Last June 10, 2011, my eldest son was submitted to cataract surgery due to his congenital cataract that affected his left eye. For 3 years of his life, his left eye was blinded by the cataract and left him with only one eye to see. I could tell that he was having a hard time watching TV or looking at things because he was tilting his head to see clearly or rubbing his left eye in hopes of seeing clearly. Until that day, when we’ve finally brought him to the hospital for his scheduled operation after a series of checkups, after treating his primary Koch’s infection, and after earning the money that was needed to pursue the operation. We’re so glad that finally, he can see each and everyday with two clear eyes. I would like to share what is a congenital cataract, its causes and its treatment.
What is a cataract?
- · It is a marked opacity of the lens.
- · May be present at birth, or become apparent in early childhood
What are its causes?
- · Steroid use
- · Radiation exposure
- · Galactosemia (inability to metabolize the lactose in milk)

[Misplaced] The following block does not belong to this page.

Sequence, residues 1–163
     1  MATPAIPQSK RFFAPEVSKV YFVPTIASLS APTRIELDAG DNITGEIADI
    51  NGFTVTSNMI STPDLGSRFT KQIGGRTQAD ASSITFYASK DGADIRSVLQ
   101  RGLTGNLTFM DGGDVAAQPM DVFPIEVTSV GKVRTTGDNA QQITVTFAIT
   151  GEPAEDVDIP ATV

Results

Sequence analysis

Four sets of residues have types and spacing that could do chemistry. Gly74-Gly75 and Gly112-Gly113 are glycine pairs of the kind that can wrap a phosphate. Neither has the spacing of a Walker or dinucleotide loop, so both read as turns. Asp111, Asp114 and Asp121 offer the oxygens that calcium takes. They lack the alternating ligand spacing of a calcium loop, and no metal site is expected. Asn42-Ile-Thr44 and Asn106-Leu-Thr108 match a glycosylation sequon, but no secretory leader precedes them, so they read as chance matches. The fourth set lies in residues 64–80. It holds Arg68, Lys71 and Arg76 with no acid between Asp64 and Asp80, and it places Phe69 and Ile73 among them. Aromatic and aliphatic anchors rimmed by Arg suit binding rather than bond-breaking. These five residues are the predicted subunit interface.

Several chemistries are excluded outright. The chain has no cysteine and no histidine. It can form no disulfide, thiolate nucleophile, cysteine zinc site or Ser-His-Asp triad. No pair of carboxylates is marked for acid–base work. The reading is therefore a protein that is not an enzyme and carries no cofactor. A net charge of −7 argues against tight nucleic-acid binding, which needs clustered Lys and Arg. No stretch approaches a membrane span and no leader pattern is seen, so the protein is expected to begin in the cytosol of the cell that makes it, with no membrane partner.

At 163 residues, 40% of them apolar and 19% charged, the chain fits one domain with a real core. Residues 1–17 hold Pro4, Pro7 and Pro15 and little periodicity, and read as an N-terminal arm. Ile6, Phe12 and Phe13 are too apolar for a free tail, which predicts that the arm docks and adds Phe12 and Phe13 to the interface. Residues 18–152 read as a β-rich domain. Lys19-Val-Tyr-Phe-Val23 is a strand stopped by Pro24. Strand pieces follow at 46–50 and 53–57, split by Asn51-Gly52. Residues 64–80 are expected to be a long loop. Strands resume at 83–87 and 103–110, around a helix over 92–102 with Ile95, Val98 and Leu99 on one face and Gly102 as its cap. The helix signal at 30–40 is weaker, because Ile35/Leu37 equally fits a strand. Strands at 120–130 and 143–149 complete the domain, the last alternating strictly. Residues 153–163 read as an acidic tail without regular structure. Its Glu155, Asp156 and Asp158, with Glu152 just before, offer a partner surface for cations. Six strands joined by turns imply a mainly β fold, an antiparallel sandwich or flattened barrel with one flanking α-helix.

- · Rubella Virus (if the mother contracted the infection on the first trimester of her pregnancy)
Signs and Symptoms
- · The pupil opening appears to be white (leukocoria)
- · Older children may report blurred vision
- · In infants, this could be detected by lack of response to a smile or inability to grasp or reach a nearby object.
- · Surgical removal of the affected lens, followed by the insertion of internal intraocular lens
- · Surgery should be done as early as 3 months of age. If not done before 6 months of age, amblyopia may result.
- · After the surgery, introducing of fluids and food should be done cautiously to avoid or prevent vomiting as this may increase intraocular pressure (the pressure in the eye) and may injure the suture line in the eyes.
source: Maternal and Child Health Nursing, 5th ed.2007 (Adele Pilliteri PhD, RN, PNP)